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Real estate

Baby boomers, millennials pushing downward slope in luxury detached homes

October 24, 2018

Property listed by Sotheby's Realty in Toronto. Image credit: Sotheby's


Luxury condominiums are becoming an important part of luxury real estate, as baby boomers look to simultaneously downsize and upgrade for retirement.

For Toronto and Vancouver, sales of luxury single-detached homes are dropping by 35 percent year-over-year. However, condos in the same price range, $1 to $2 million, are experience a 2 percent jump in Toronto and are remaining popular in urban areas worldwide, according to a report from Re/Max.

“Sales of luxury single-detached homes saw year-over-year declines in 2018, but that’s not to say people’s appetite for luxury has diminished,” said Christopher Alexander, executive vice president and regional director at Re/Max Integra Ontario-Atlantic Canada Region. “In fact, while detached luxury home sales have decreased in the $1 to 2 million price range, luxury condominium sales at that same price point have increased to the tune of 2 percent in Toronto and 6 percent in Vancouver year-over-year.

“This speaks to the livability of condos and the desire to live in urban centers, even at the luxury level,” he said.

Condos versus detached
Millennials are now showing interest in luxury condos, getting in at a lower tier as they age into inheritances.

The "2018 Re/Max Spotlight on Luxury" report reveals that in addition to Toronto’s 2 percent growth in luxury condos, Vancouver saw 6 percent growth and Victoria saw as much as 19 percent.

Tweet from Re/Max Canada

Re/Max reports that baby boomers and millennials are driving these changes in growth and slowdowns in detached homes priced between $1 million to $2 million.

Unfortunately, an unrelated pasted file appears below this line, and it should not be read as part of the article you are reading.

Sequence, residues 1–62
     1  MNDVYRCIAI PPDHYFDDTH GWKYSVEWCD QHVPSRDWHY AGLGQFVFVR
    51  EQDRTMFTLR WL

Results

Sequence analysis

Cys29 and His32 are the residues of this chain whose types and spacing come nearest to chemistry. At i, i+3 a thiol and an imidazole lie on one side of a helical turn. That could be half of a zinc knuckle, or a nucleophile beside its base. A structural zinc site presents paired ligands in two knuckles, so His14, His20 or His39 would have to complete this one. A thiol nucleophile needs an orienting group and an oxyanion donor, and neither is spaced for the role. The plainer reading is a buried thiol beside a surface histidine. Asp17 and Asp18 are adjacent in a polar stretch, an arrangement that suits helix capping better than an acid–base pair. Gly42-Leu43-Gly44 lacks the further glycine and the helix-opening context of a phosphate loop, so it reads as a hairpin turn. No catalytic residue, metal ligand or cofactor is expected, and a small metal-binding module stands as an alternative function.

Specifically, Toronto saw a decrease of 37 percent in these luxury detached homes and Vancouver saw a 31 percent drop.

However, Toronto’s most expensive condo sold for $11.5 million this year, which is $8 million greater compared to last year’s priciest condo sale, representing a 44 percent growth in price.

In less urban areas, the luxury condo market is not performing as well.

The most expensive condo sales seen in Calgary, Victoria and Oakville were down 53 percent, 47 percent and 18 percent, respectively.

For the luxury condos in Vancouver priced more than $3 million, single-detached homes and condos saw a drop of 45 percent and 13 percent year-over-year, respectively.

Additional insight

Despite economic upheaval in Canada due to new government regulations, the country’s luxury market is showing strong growth for this year.

Thanks to a new stress test from the Office of the Superintendent of Financial Institutions in Canada, the start to 2018 was uncertain for luxury real estate. But the desirability of various locations attracted enough luxury buyers to drive demand and prices, according to Royal LePage's Spring Luxury Market Release (see story).

In the neighboring United States, the luxury real estate market stayed hot throughout the summer as 20 markets in the nation hit double-digit growth.

According to's latest Luxury Home Index, the number of sales at or above the $1 million mark rose 6 percent over last year to June. The gulf coast of Florida is still home to the fastest-growing luxury market, but other coastal counties are also seeing double-digit price growth (see story).

“Baby boomers have largely been the key drivers of the luxury condo market, thanks to their home equity gains in the detached market,” Re/Max's Mr. Alexander said. “As they sell and downsize in retirement, they’re also upgrading and living their golden years in luxury.

“However, we’re seeing an interesting and somewhat surprising secondary trend of millennials entering the lower end of the luxury condo market, by taking advantage of inheritance through parents and grandparents,” he said. “This, coupled with savvy wealth management planning, has allowed them the opportunity to live the luxury condo lifestyle.”